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ray chew

Thank You, Brother Ray Chew — You Are Answering Members’ Prayers

As Easter weekend came amid the global pandemic, with virus infections on an upward curve and the spread accelerating across America, Canada, and the world, prayers of hope, healing, and redemption were part of the rituals of professional musicians and their families, all locked down in their homes, locked away from live interaction with their audiences, and locked out of their jobs. The weeks leading up to Easter were also marked by a flurry of interest in raising funds for entertainment industry workers—including professional musicians—whose jobs were among the first to disappear due to social distancing measures and emergency governmental restrictions, and who will likely be the last to return to gainful employment.

No sooner had the pandemic Easter celebration concluded than I received a call from Ray Chew, a distinguished member of Local 802, New York City, whom I met early on in my presidency during his benefit performance for Local 802’s Musicians Assistance Program. Later, I ran into Ray Chew again when ABC television attempted to downsize its orchestra and implement licensed pre-recorded tracks on Dancing with the Stars. And yet again, when our campaign for streaming residuals in film and live television kicked into gear last year, Ray Chew did not hesitate to stand up and speak out in support of his colleagues, his union, and musicians everywhere during the process.

Ray Chew is one hell of a musician. He recently celebrated his 10th season as music director for Dancing with the Stars. Previously, he served as music director for Fox TV’s American Idol, and Showtime at the Apollo. He has helmed award-winning musical events with Carrie Underwood, Rihanna, Aretha Franklin, Justin Bieber, Lenny Kravitz, James Taylor, and Quincy Jones, and has directed such prestigious events as the 2008 Democratic National Convention, the 65th Primetime Emmy Awards, the President’s Neighborhood Inaugural Ball, and Macy’s Thanksgiving Day Parade.

ray chew

So when Ray Chew called, I answered and listened. Ray wanted to partner with the Federation to develop a four-part virtual series featuring a fundraising portal that would accept donations for relief funds to help AFM freelance musicians whose jobs were lost due to the COVID-19 lockdown.

“I want to do something to bring people together to raise funds for my musician brothers and sisters who are struggling right now because of the pandemic,” Ray said. “Freelance musicians are in an unprecedented crisis. The overnight loss of work has left thousands of musicians unable to pay their rent or buy food to feed their families. I am inviting my musical friends and fellow musicians to join me in putting together a series of shows that will bring us together to sing, perform, laugh, and share stories that will uplift us, inspire us and raise funds at this critical time.”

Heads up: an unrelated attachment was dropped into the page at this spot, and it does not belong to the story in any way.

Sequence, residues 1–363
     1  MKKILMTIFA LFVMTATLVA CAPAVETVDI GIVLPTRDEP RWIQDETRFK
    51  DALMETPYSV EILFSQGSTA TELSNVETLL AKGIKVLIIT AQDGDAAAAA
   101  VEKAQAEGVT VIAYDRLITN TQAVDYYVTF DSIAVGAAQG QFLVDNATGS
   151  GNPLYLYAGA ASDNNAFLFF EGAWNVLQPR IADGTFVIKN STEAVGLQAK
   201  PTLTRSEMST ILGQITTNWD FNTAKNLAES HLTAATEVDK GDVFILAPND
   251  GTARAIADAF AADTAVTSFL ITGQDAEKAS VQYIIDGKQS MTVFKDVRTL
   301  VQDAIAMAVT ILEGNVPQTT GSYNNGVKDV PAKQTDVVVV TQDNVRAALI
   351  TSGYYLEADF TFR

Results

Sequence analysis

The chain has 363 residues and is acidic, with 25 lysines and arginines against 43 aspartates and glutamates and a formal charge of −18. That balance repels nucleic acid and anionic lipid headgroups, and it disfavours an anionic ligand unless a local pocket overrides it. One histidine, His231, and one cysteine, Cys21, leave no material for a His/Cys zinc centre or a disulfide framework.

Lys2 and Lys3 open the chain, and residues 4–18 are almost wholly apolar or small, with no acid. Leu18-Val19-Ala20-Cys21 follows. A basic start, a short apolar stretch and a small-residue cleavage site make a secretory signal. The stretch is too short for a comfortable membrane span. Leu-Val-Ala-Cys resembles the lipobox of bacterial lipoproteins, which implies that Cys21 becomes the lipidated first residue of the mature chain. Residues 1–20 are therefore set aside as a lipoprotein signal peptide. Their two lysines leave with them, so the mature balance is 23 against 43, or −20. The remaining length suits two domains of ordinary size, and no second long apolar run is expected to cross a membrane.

To help accomplish these vital and timely goals, I appointed a team of AFM staff to work with Ray, led by my assistant and former Local 802 president, Tino Gagliardi. Our team included International Executive Board member Dave Pomeroy (also president of Nashville Local 257), Secretary-Treasurer Jay Blumenthal, AFM counsel Jennifer Garner and Russ Naymark, Communications Director Rose Ryan, and Electronic Media Services Division Director Pat Varriale.

Jay and Jennifer worked with the AFL-CIO’s Union Community Fund to establish a sub-fund to accept tax-deductible donations for the benefit of AFM members. Dave, Pat, and Russ Naymark developed an appropriate media agreement and waiver option for use by the show to cover the performances of AFM and SAG-AFTRA members. Rose Ryan helped promote the series through social media and internal communications. In the space of little more than two weeks, the first of four fundraising “Ray Chew Live Freelancer Fundraiser” episodes aired at 9 p.m. EDT, Thursday, May 7, on Facebook Live. Additional episodes aired on successive Thursdays, May 14, 21, and 28.

Ray’s musical guests thus far (as of press time) have included performances by legendary jazz pianist Chick Corea, bassist Marcus Miller, P-funkster George Clinton, and interviews with TV newser Soledad O’Brien and New York Times best-selling author Iyanla Vanzant.

To donate to this special AFM Musicians Relief Fund, go to https://bit.ly/2ylzxs2 and enter the amount you wish to contribute. All donations are tax deductible.

The effort has raised thousands of dollars for freelance musicians. “We’ve raised awareness and lots of support for musicians in the industry who are suffering,” said Ray Chew. “I want to thank the person who gave one dollar, and also the person who gave a thousand dollars. I know they gave from the heart. When musicians have the opportunity to go back to work and perform again, it’s going to be great. I also want to thank my union for working to make this possible,” he said.

If you are a freelance musician and wish to apply for relief from AFM’s Musicians Relief Fund, go to https://bit.ly/3bOdw2F, download the application and follow the instructions.

Ray Chew rolled up his sleeves to help our members. On behalf of the entire membership of the American Federation of Musicians of the US and Canada, I want to thank him, his production team, AFM staff and the good folks at the AFL-CIO for their swift and exceptional response at a critical moment in the lives of musicians whose prayers of hope during Easter weekend may now be answered.

COVID-19 Lockout: When It Ends, What Will Recovery Look Like?

With the continued spread of the coronavirus outbreak, governments throughout the world have implemented various forms of lockdown, now affecting a third of the global population including the major cities of North America. The impact of the pandemic on musicians and performers, due to the ban on public gatherings, has shut down entertainment venues of all sizes, halted nearly all media production, and eliminated thousands upon thousands of jobs.